The most complete cave lion skeleton on the Iberian Peninsula has been recovered at Arrikrutz cave (Oñati, Gipuzkoa).
Although today we associate lions with the African savannah, during the Pleistocene they also lived in Eurasia and North America. The oldest lion fossils in Europe are seven hundred thousand years old. These Eurasian lions, bigger than present-day lions, belonged to the species known as “cave lion” (Panthera spelaea) and occupied different ecological niches during both glacial and inter-glacial periods.
Our ancestors lived alongside these large felidae and drew or engraved them on the walls of many caves and represented them in small statuettes. Thanks to these images we know that either the males did not have a mane at all or they had a very small one.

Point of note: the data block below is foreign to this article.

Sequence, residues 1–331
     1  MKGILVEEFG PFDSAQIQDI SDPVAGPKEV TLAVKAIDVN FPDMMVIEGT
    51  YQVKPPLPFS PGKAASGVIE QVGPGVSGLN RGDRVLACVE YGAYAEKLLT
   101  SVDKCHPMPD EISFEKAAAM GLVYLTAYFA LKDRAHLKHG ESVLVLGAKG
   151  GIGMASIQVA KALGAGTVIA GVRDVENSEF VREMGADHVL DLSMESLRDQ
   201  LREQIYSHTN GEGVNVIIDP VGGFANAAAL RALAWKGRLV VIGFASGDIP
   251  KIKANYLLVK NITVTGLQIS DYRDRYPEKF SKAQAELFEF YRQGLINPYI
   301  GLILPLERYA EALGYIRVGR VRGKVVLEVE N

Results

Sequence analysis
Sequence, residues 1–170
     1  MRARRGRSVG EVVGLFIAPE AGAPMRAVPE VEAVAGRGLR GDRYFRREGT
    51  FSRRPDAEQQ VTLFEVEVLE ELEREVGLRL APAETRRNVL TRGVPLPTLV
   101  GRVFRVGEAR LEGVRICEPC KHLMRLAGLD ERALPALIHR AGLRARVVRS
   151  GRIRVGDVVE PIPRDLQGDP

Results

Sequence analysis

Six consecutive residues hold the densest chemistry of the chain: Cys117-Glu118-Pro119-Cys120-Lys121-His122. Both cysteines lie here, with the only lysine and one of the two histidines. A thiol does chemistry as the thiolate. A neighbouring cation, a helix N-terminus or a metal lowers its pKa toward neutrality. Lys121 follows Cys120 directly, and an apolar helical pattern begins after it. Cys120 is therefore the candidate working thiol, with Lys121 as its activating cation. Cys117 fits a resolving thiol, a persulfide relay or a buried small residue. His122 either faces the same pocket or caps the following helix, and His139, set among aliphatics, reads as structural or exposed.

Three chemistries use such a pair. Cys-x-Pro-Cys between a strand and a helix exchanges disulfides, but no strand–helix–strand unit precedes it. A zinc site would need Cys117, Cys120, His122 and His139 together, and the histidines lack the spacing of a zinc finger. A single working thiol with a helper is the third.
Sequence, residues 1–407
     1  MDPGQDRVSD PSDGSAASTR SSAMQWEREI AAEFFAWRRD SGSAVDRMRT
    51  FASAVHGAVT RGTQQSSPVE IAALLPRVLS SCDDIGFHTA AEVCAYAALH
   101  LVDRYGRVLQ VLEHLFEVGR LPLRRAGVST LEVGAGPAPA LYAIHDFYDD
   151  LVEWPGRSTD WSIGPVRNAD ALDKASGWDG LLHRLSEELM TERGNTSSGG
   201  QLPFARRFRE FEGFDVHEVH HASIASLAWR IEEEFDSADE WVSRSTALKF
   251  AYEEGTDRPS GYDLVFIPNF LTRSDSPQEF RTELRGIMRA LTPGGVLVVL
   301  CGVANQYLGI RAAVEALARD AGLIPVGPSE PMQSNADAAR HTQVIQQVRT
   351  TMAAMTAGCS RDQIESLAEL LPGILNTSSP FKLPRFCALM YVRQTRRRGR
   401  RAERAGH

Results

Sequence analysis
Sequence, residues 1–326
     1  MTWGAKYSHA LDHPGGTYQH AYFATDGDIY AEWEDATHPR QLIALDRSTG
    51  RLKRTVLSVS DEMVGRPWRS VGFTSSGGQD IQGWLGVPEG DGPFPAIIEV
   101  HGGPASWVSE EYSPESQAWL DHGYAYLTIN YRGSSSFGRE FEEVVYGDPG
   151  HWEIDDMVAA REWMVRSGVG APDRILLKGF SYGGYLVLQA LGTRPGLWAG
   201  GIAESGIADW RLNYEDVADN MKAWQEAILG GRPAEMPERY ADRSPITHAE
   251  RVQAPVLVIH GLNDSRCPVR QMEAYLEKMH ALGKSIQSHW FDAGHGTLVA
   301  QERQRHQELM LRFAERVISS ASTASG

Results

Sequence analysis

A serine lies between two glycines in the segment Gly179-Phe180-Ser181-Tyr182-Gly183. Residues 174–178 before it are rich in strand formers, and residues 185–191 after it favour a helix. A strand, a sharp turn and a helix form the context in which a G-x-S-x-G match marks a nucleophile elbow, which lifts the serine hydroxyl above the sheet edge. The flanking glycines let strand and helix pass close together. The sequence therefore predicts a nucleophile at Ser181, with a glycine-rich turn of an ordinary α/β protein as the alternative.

We do not know the cause of their extinction but their disappearance could be related to the climate change which took place at the end of the last ice age and hunting by humans.
The Arrikrutz lion skeleton is currently the most complete on the Iberian Peninsula. It was discovered by Iñaki Zubeldia in 1966, and studied by Jesús Altuna. It belonged to an adult individual which died in the cave. It has been estimated to have been 1-1.2 m tall to the withers, weighing about 250 kg. Despite its large size, superior to current males, it is not one of the biggest; there were cave lions weighing more than 300 kg.
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